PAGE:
Leader Newsletter September 2018 part 1
The character of church leaders
Character is important. We often see our church learners stumble ethically and morally. We see their ministries deteriorate. In 1 Timothy 3:17 we read about Paul’s qualifications for church leaders.
Here is a trustworthy saying: Whoever aspires to be an overseer desires a noble task (1 Timothy 3:1). Then he says: Now the overseer is to be above reproach, faithful to his wife, temperate, self-controlled, respectable, hospitable, able to teach, not given to drunkenness, not violent but gentle, not quarrelsome, not a lover of money. He must manage his own family well and see that his children obey him, and he must do so in a manner worthy of full respect. (If anyone does not know how to manage his own family, how can he take care of God’s church?) He must not be a recent convert, or he may become conceited and fall under the same judgment as the devil. He must also have a good reputation with outsiders, so that he will not fall into disgrace and into the devil’s trap.
How should we apply this list? We shouldn’t look at it as a checklist. There are 14 specific qualifications in this list. If we use it as a checklist, we use a law-bound interpretation that may be in conflict with the heart of the text.
The warnings about marriage and parenting don’t disqualify unmarried men from the ministry. Does faithful to his wife automatically mean that divorced men don’t qualify for the ministry? In Paul’s day polygamy would’ve been disqualified. It also emphasises faithfulness within marriage.
A few things become clear from this text:
1. God looks at the heart
God confirms this truth to Samuel when he appoints David as Saul’s successor. Words like faithful to his wife, temperate, self-controlled and respectable emphasise God’s expectation that a leader should be pure of heart.
2. Family matters
Leaders should be models of a spiritually healthy family life. Faithful to his wife, he must manage his own family well and see that his children obey him, and he must do so in a manner worthy of full respect. This is God’s expectations. The leader who is a loyal spouse and manages his family well, illustrates the loyalty of Jesus and God as Father. Leaders should follow Jesus, lead their families and thereafter serve their congregations.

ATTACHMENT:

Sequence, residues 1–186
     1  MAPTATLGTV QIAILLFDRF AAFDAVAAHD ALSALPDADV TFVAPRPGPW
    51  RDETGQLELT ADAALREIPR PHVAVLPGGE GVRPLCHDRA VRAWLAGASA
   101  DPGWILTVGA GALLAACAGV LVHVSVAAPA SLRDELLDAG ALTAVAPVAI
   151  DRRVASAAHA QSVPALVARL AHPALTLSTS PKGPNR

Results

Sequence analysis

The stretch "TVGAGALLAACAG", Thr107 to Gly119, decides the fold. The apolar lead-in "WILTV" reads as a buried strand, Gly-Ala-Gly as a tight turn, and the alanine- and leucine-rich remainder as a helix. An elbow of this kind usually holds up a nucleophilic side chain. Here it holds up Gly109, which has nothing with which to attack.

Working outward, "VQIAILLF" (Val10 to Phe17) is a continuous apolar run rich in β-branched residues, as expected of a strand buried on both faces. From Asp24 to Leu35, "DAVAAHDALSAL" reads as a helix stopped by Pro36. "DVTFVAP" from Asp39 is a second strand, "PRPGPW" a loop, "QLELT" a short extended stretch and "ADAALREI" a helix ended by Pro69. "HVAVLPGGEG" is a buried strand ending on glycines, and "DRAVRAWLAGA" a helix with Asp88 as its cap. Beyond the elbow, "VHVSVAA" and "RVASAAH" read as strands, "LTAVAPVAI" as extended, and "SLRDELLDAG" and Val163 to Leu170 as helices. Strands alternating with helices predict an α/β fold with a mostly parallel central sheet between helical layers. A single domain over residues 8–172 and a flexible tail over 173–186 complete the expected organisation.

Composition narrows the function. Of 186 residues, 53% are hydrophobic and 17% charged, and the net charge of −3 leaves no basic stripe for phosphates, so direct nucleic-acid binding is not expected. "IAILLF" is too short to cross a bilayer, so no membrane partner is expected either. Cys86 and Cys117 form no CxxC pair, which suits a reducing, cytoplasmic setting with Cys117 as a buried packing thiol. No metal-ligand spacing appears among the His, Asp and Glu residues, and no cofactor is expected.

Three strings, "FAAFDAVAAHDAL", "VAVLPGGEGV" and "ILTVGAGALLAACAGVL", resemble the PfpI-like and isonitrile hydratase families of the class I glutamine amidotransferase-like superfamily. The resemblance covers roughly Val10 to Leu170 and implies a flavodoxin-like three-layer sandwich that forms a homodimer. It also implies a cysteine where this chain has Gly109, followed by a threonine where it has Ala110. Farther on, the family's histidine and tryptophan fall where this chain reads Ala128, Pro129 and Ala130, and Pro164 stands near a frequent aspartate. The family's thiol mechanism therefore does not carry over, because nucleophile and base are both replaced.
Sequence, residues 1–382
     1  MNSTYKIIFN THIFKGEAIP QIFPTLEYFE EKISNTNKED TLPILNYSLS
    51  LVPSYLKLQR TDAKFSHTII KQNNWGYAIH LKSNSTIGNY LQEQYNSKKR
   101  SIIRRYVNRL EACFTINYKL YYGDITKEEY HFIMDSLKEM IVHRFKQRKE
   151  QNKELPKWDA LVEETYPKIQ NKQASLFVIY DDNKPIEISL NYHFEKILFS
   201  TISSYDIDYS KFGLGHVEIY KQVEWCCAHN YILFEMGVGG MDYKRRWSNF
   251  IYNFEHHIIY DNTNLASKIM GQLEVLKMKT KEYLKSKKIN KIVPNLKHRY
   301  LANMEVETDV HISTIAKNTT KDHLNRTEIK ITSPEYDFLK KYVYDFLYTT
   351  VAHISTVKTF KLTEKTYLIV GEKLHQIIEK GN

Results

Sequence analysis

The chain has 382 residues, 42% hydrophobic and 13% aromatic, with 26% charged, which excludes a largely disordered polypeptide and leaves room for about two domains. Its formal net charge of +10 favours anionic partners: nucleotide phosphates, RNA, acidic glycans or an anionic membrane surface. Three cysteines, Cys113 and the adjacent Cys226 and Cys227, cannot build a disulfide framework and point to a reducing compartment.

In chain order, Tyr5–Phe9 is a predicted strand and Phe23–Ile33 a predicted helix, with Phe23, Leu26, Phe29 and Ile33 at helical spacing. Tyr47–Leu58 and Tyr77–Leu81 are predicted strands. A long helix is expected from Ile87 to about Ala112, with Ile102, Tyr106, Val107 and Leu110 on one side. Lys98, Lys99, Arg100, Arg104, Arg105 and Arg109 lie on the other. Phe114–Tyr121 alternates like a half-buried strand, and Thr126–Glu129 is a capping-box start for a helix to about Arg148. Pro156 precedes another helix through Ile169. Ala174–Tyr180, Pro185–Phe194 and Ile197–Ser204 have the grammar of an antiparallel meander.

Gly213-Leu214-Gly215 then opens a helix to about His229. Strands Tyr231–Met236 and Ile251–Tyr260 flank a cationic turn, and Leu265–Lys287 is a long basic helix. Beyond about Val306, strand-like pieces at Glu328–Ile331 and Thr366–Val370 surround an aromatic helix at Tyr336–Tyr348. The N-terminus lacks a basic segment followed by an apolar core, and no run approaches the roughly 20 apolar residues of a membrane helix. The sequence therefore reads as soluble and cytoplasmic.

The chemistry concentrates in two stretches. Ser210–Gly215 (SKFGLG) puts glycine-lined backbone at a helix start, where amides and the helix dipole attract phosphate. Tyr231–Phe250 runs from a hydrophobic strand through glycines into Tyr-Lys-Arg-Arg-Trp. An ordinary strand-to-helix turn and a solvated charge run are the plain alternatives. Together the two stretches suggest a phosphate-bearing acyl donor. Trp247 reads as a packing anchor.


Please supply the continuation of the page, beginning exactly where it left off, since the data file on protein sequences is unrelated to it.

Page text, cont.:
3. Others come first
A leader isn’t self-centred. Paul reflects this idea with the following qualifications: hospitable, able to teach, not violent but gentle, not quarrelsome, and he must also have a good reputation with outsiders. These are the characteristics of someone who cares for others first. We serve because of God’s glory and to the spiritual advantage of others. God’s calling is for us, not about us.
4. Be responsible
Leaders who are isolated, may fall. Paul reminds us that a leader should not be given to drunkenness, not violent but gentle, not quarrelsome, not a lover of money. He should also not be a recent convert, or he may become conceited and fall under the same judgment as the devil. Who truly knows you? Who really knows your heart? Do you allow someone to speak truth and confirmation into your life? If not, you should pray and seek this accountability with someone else. It is vital to have a loyal accountability partner who will show you your sins and help you up when you fall.
Live the gospel
None of us are perfect. If these characteristics are held up to our hearts as a light, we will surely fall short. Our righteousness doesn’t qualify us for the ministry of the gospel. Our ministry is dependent on the calling of a merciful God and not our own holiness.
We should continuously reflect on this scripture.
We should confirm our shortcomings daily.
We should aim for accountability, because we need it.
We should teach the gospel to ourselves:
We should remember that we are not good enough to be leaders. There is only One who is.